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Thinking of ending a contract? Here's how to do it right 

A person signing a document

Every day, a wide range of contracts are executed globally for various reasons, ranging from formal business arrangements to personal obligations. But what happens when individuals or companies change their minds and no longer find a contract suitable and wish to terminate it?Let's find out.

What is a contract, and what does it mean to get it terminated? 

A contract is a legally binding document that outlines the rights and obligations of all parties involved in an agreement. Contract termination is the legal process of ending an agreement before it's fulfilled.

In Australia, there are a few scenarios where the law may permit the end of a contract:

End by performance: When the contract is fulfilled by both parties.

End by agreement: When all parties agree to let go of the contract, even when it has not been fulfilled.

Ends in frustration: This is when one of the parties can't fulfil their commitment for a reason beyond their control.

End due to a breach: When a party is able to prove that the other party has breached the contract, the law may permit it. However, a breach of a contract doesn't automatically end a contract unless it has been explicitly mentioned,

End for convenience: A termination for convenience grants one the ability to end a contract without needing to prove a breach by the other party. However, these clauses have limitations that prevent other parties from being unfairly used.

While terminating a contract can be a tricky process to navigate, it isn't impossible. Here are some steps you can take if you want to end a contract legally:

1. Review the termination clause 

When you're sure that you want to terminate the contract, the first step to take is to review the termination clause in the document. Most contracts have a clause on what are the steps to take for either party if they wish to terminate the contract. Check what the notice period is, under what circumstances you are permitted to do it, and what penalty and consequences you should bear for it.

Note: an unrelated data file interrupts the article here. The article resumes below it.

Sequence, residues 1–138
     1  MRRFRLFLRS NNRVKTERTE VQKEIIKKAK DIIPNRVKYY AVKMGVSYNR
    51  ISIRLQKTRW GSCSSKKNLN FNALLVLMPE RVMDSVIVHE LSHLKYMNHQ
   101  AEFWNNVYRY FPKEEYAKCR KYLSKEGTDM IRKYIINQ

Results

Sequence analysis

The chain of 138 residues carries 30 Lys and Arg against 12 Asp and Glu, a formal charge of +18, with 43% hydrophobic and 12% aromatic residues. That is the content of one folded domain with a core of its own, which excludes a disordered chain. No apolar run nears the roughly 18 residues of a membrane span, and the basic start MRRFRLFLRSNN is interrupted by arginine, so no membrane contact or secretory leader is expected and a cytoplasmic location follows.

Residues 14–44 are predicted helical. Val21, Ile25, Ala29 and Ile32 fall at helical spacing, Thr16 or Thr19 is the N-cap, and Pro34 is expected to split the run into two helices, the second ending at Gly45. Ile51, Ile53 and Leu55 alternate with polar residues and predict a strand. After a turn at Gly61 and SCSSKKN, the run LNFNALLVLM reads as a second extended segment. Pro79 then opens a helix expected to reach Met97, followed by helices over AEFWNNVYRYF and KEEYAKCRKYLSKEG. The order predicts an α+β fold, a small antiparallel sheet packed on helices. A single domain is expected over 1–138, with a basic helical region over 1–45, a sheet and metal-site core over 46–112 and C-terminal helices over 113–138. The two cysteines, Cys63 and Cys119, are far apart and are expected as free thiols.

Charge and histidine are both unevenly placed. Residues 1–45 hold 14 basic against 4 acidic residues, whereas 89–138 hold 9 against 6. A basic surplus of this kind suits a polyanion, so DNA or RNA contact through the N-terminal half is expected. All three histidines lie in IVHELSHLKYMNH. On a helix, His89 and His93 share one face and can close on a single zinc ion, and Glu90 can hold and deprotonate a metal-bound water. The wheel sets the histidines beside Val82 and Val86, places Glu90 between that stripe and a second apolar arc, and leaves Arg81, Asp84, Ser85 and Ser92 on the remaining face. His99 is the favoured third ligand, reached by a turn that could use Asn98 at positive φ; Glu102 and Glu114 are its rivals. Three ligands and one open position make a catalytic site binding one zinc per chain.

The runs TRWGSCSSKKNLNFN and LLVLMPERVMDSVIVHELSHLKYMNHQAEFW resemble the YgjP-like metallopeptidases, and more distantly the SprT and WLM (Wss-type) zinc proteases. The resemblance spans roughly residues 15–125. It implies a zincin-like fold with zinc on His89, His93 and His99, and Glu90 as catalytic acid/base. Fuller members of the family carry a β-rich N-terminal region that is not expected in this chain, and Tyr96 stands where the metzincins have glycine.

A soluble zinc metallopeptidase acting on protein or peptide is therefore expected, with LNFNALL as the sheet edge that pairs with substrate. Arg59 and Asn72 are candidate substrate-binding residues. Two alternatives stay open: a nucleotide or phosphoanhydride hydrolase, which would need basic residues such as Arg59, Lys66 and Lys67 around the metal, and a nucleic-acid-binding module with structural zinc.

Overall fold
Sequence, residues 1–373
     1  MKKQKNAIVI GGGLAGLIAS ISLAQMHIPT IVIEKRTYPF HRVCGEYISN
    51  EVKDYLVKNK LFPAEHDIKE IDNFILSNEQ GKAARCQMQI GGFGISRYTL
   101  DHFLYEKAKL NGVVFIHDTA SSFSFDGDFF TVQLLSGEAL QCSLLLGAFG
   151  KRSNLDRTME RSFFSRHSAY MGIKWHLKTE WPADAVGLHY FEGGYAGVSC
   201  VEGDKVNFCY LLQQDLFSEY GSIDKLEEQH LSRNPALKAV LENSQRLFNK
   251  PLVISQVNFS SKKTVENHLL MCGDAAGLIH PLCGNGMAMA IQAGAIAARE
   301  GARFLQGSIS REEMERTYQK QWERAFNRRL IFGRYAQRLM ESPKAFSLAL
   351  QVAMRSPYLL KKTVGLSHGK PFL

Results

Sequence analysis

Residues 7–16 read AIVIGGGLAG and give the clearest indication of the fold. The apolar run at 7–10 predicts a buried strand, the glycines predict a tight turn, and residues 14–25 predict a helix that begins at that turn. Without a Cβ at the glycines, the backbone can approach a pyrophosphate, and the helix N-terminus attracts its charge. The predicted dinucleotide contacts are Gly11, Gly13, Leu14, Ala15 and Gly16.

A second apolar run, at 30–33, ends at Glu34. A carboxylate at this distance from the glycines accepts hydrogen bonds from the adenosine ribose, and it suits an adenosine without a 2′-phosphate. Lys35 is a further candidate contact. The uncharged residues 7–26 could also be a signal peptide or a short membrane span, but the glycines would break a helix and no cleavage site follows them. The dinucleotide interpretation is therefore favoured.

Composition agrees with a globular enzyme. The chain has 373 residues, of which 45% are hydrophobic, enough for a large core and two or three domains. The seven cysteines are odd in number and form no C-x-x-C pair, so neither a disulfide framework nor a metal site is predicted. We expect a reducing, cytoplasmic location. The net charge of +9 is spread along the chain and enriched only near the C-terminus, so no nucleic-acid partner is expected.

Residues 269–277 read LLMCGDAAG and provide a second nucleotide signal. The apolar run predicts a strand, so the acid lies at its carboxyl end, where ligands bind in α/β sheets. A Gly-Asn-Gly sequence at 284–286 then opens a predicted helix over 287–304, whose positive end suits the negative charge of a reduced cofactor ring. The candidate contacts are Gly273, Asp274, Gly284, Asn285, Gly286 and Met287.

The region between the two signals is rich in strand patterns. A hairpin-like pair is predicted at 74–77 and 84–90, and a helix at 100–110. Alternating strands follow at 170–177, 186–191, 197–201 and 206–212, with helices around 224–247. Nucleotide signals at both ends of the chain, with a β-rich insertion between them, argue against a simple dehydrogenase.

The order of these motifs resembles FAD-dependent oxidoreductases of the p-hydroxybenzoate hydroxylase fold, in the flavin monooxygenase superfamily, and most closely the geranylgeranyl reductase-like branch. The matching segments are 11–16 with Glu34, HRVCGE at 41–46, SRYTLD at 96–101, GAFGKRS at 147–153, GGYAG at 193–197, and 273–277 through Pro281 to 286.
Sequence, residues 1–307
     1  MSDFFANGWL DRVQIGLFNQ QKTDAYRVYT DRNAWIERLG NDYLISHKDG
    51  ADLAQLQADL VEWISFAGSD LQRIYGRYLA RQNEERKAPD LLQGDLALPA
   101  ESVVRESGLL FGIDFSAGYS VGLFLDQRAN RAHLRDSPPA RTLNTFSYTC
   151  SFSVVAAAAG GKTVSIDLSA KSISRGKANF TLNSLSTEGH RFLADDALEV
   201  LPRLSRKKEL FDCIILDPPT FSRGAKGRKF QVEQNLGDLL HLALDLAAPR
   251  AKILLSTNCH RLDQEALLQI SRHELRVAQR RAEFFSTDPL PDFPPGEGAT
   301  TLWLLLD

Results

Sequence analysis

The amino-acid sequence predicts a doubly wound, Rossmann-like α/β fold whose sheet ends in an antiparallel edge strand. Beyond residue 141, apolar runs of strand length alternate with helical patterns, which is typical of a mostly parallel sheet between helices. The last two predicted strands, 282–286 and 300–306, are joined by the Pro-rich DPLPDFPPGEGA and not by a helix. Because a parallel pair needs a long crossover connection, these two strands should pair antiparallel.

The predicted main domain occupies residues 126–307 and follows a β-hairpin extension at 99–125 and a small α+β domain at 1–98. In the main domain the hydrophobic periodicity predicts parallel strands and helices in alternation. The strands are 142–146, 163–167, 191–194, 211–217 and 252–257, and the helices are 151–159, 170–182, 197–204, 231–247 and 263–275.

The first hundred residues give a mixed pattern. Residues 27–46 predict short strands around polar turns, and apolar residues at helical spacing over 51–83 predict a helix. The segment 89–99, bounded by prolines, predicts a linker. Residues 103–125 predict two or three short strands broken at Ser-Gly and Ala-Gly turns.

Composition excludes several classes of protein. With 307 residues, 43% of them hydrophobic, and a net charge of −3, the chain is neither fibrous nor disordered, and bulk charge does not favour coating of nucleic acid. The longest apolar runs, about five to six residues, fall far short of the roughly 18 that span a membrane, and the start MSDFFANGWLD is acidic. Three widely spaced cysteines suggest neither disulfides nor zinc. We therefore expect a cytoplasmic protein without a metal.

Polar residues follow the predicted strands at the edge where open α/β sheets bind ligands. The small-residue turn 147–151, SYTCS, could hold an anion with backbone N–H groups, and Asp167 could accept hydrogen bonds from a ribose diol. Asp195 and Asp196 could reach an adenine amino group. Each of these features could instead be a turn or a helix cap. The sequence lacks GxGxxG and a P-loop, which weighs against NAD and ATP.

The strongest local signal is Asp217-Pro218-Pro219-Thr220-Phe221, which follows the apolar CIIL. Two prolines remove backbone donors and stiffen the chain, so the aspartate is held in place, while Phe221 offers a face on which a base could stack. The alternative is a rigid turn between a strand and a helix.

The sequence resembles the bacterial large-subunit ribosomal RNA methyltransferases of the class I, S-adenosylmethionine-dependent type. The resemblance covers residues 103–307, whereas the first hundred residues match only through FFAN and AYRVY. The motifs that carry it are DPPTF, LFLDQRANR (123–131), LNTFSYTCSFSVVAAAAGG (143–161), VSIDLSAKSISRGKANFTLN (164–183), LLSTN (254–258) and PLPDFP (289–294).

2. Check if you have a solid reason not to fulfil a contract 

Contracts aren't something you wake up one day and easily decide to move on from. In order to terminate a contract, you need to present a legitimate and valid reason before the court of law. For example, let's say you are a contractor who renovates and refurbishes office spaces. Halfway through a project, you suffer severe injuries due to an accident, making it impossible for you to oversee or continue working on the project. In such a situation, the court may consider the contract frustrated, as you are medically diagnosed as incapable of fulfilling the contractual obligations.

3. Consider negotiating with other parties 

If there are no unpreventable reasons, but you want to terminate your contract because you have a change of mind, your best bet would be to explain your case to the other parties and get their consent to modify or terminate the agreement. If you're able to have open and honest communication, you may be able to come up with a mutually beneficial solution.

When a large amount of money is at stake, ending a contract can become complicated. In such situations, it's recommended to consult a lawyer to evaluate your circumstances and determine the most effective course of action and minimise the risk of further complications and disputes.

Parting thoughts 

It's essential to keep in mind that today's business environment is highly dynamic. Terminating contracts can be quite complex and have significant consequences. Before initiating termination, carefully consider all your available options and the potential impact it may have on your business and other stakeholders. Throughout the process, retain copies of all communication related to the termination, including the original contracts and any changes and revisions requested, emails or letters exchanged, and any agreements made by the other party. This documentation is crucial if legal action is necessary.

If your business regularly enters into contracts with other companies, we recommend using a comprehensive contract management solution like Zoho Contracts to manage your entire contract lifecycle. Zoho Contracts helps reduce operational costs, improve the efficiency of your legal operations, and ultimately minimise risk. Sign up for a 15-day free trial today.

Note: This article is intended only to help small business owners get a basic understanding of how to terminate contracts and should not be interpreted as legal advice for making business decisions. 

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